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Effect of pressure and solar cooking on phytic acid and polyphenol content of cowpeas

Effect of pressure and solar cooking on phytic acid and polyphenol content of cowpeas Both pressure cooking and solar cooking significantly reduced the phytic acid and polyphenol content of cowpea cultivars. A significantly greater reduction in the content of both these antinutrients was noticed during pressure and solar cooking of soaked cowpeas compared to unsoaked seeds. The percentage reduction increased when the soaked cowpeas were dehulled and then cooked by both pressure and solar cooking. The results of the study reveal that solar cooking was more effective than pressure cooking in reducing the concentrations of phytic acid and polyphenols in cowpeas. The cumulative effect of soaking and dehulling, followed by solar cooking, was the removal of most of the polyphenols (88‐94 per cent). Such practices should be encouraged at the home level for the preparation of cowpea seeds. http://www.deepdyve.com/assets/images/DeepDyve-Logo-lg.png Nutrition & Food Science Emerald Publishing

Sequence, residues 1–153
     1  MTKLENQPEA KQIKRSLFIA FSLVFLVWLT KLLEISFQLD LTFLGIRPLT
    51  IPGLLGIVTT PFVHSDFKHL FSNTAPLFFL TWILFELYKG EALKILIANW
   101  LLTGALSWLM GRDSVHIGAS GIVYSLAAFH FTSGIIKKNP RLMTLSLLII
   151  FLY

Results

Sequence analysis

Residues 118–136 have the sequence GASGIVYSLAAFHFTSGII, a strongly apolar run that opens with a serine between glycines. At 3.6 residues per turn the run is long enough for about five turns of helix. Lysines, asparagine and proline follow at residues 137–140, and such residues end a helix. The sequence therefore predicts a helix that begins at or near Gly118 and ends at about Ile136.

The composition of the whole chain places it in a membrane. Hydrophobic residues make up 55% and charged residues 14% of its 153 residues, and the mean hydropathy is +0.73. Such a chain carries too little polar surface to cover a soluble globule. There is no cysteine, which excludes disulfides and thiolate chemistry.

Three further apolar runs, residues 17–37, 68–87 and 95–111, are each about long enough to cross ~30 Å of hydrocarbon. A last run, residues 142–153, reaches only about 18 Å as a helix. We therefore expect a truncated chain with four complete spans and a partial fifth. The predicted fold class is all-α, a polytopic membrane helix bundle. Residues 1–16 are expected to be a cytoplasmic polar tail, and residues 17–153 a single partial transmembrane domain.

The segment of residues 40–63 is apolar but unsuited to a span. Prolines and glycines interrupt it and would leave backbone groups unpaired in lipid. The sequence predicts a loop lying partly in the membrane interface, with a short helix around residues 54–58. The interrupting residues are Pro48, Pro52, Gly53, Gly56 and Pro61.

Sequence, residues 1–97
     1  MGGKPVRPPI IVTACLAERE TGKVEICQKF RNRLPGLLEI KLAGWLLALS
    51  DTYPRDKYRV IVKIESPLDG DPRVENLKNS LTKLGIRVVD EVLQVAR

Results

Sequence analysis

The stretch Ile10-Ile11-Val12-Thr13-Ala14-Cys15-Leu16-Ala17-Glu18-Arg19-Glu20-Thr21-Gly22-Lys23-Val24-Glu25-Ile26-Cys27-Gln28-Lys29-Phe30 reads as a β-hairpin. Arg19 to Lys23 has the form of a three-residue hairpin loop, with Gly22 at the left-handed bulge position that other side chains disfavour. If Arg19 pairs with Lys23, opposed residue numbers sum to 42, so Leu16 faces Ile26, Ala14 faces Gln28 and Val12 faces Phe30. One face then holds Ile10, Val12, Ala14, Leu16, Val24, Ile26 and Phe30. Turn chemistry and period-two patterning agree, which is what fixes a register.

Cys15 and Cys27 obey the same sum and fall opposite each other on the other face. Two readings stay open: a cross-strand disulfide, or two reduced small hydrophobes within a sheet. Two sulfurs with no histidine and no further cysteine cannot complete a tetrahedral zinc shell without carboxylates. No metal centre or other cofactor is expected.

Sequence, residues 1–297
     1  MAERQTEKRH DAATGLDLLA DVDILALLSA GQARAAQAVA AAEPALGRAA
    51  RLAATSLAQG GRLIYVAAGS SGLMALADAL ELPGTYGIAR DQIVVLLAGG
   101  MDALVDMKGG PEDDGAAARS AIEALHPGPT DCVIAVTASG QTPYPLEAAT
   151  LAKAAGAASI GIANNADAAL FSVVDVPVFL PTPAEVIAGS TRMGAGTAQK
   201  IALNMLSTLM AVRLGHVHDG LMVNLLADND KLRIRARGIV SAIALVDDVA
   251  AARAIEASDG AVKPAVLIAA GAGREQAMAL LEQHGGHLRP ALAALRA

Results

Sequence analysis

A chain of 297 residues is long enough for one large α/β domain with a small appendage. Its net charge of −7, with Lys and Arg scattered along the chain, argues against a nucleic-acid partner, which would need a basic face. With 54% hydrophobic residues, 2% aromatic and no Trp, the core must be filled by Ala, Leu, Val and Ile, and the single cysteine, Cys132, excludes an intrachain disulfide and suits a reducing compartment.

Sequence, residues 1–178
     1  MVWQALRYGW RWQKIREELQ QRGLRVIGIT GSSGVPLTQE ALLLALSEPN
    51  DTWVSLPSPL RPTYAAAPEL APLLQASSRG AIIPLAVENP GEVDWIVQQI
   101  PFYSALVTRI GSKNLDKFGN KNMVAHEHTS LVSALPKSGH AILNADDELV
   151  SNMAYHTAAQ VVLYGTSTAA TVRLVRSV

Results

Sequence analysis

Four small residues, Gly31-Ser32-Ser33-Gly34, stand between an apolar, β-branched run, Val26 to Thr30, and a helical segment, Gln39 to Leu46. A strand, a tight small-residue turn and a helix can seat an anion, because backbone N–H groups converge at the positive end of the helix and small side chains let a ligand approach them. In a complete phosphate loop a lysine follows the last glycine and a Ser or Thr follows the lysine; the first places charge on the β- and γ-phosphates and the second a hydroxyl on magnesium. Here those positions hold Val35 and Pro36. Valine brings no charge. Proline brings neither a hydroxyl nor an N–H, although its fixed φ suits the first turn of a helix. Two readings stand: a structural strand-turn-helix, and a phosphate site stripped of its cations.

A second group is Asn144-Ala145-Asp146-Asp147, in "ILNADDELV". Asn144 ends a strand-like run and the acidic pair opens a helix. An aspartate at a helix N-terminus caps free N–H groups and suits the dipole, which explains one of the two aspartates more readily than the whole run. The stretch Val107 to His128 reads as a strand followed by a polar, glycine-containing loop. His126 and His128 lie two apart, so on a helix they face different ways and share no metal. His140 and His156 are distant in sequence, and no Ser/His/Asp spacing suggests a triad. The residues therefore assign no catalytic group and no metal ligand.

Effect of pressure and solar cooking on phytic acid and polyphenol content of cowpeas

Nutrition & Food Science , Volume 30 (3): 5 – Jun 1, 2000

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References (25)

Publisher
Emerald Publishing
Copyright
Copyright © 2000 MCB UP Ltd. All rights reserved.
ISSN
0034-6659
DOI
10.1108/00346650010319732
Publisher site
See Article on Publisher Site

Abstract

Both pressure cooking and solar cooking significantly reduced the phytic acid and polyphenol content of cowpea cultivars. A significantly greater reduction in the content of both these antinutrients was noticed during pressure and solar cooking of soaked cowpeas compared to unsoaked seeds. The percentage reduction increased when the soaked cowpeas were dehulled and then cooked by both pressure and solar cooking. The results of the study reveal that solar cooking was more effective than pressure cooking in reducing the concentrations of phytic acid and polyphenols in cowpeas. The cumulative effect of soaking and dehulling, followed by solar cooking, was the removal of most of the polyphenols (88‐94 per cent). Such practices should be encouraged at the home level for the preparation of cowpea seeds.

Journal

Nutrition & Food ScienceEmerald Publishing

Published: Jun 1, 2000

Keywords: Legumes; Nutrition; Cooking; Solar energy

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